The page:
• It follows the letter of the rules in a way that's almost universally considered boring and unoriginal. Additionally, it was posted almost three months after the original problem, meaning that it's way back on the 4th page where barely anybody will see it, let alone vote it up. – Joe Z. Apr 17 '14 at 0:45
• For that matter, I've edited the question again to make my intentions for the problem even clearer. Is "independently of any external variables" good enough? Even then, this answer isn't the shortest in either category, so I still won't accept it. – Joe Z. Apr 17 '14 at 0:46
• Thanks. For the record, when I commented above this answer had been voted down to -2, so the context was more "would someone like to comment on why they are voting it down?" rather than "why isn't it upvoted?". It also wasn't intended as a criticism of Joe Z's question specification. – gmatht May 4 '14 at 13:04

# Python, 55 bytes (no math import and no char or unicode trickery!)

x=False;a=x**x;b=a+a;c=b+b;print c**c*(c+c)-b**(c+a)-b


Uses the fact that zero to the zeroth power is defined as one and False can be implicitly casted to 0. Hence a, b and c will contain 1, 2 and 4 respectively.

• Arne, True implicitly casts to 1, so you can start with a=True and save 8 characters. Also, please specify Python 2. – isaacg Jul 17 '14 at 5:52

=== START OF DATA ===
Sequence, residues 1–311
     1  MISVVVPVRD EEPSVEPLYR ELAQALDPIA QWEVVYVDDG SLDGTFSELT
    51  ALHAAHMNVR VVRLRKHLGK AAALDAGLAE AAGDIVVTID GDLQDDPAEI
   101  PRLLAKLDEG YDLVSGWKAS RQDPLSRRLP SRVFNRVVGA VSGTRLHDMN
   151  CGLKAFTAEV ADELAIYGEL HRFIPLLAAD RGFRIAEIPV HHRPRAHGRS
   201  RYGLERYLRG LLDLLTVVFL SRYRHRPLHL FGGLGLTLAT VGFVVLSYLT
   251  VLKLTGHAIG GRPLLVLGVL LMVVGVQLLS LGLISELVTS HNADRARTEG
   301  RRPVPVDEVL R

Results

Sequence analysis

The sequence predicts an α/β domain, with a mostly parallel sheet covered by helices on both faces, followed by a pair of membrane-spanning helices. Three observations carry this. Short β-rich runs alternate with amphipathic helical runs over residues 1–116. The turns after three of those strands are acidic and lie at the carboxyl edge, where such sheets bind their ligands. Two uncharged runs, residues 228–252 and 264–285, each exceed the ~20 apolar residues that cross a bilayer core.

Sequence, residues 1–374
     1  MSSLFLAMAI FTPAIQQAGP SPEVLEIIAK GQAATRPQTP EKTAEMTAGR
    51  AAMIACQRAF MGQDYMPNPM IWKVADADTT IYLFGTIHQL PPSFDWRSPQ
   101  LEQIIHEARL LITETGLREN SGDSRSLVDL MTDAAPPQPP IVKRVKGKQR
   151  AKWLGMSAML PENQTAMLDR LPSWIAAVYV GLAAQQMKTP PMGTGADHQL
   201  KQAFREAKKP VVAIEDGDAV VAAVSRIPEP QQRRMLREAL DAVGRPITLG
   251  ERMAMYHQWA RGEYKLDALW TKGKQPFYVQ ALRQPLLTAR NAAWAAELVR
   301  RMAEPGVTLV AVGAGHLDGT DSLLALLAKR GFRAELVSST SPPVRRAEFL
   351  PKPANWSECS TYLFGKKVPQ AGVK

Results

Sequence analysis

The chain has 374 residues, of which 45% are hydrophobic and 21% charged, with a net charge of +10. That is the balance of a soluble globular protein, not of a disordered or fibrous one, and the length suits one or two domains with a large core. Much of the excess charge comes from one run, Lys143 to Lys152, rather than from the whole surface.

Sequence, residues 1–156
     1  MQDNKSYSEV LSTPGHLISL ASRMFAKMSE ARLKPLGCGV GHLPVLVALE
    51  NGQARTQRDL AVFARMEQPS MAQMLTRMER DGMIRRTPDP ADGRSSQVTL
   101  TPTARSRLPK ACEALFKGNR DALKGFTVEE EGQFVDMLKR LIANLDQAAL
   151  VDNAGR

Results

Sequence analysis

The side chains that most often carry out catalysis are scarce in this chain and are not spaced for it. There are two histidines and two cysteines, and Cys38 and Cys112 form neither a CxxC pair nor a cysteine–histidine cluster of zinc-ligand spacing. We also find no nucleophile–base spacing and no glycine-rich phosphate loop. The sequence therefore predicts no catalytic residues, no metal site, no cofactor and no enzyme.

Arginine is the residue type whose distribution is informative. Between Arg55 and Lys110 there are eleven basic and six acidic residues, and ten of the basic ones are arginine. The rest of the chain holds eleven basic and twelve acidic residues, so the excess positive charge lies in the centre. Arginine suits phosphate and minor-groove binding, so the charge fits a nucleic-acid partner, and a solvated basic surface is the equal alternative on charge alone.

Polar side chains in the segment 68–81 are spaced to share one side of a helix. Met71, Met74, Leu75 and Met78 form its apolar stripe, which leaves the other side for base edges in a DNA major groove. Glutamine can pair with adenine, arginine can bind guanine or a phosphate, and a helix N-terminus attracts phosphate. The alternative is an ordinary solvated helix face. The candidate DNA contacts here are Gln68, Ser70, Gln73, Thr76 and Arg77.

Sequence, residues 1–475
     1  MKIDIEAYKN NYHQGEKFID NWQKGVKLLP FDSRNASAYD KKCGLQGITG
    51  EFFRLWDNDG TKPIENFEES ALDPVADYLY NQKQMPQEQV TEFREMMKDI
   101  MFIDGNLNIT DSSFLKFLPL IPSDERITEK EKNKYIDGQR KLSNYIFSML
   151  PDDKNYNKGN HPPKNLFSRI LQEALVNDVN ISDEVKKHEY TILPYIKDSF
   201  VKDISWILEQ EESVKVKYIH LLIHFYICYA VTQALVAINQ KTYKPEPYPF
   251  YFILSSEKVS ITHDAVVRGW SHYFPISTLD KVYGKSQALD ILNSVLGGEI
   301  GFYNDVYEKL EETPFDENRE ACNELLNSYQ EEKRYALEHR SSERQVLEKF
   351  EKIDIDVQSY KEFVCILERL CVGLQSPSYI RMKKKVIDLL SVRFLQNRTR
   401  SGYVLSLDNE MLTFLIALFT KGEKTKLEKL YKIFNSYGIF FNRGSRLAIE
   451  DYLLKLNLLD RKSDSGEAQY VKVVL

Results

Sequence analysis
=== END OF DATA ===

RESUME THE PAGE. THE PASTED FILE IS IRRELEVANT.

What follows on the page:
# Marbelous 14

CB
CE
CF
CD
~~


How it works

the first 4 lines are language literals, in hexadecimal. Their values are 203, 206, 207 and 205. They will fall down by one cell on each tick. If you perform an 8-bit binary not on those values (which is exactly what ~~ does) you get the following values: 52, 49, 48 and 50. These values happen to be the ascii values of 4, 1, 0 and 2 respectively. The literals then fall off the board which causes their corresponding ascii character to be printed to STDOUT.

# C, 27 Bytes

main(){printf("%d",'\aÞ');}


Just a reminder that multi-character constants do exist :)

Alternatively, three bytes more:

main(){printf("%x",' i'-'U');}

• 1. int is not needed. 2. return doesn't print anything. – Dennis Sep 16 '14 at 15:07
• 3. '^GÞ' (character codes 7 and 222) would require only one multi-character constant. – Dennis Sep 16 '14 at 15:16
• My compiler does not agree :( – Gerwin Sep 16 '14 at 15:21
• That's odd. 7 * 256 + 222 = 2014, so it should work. What do you get? – Dennis Sep 16 '14 at 15:23
• 6178782, it seems like my compiler thinks of ^ as a separate character. – Gerwin Sep 16 '14 at 15:26

(Java, 553 bytes as .class, 112 bytes as it stands, 84 bytes after renaming the class to 'm' and removing whitespace.)

This probably isn't the kind of answer you're looking for, but there are a bunch of strings that share a hashcode of 2014.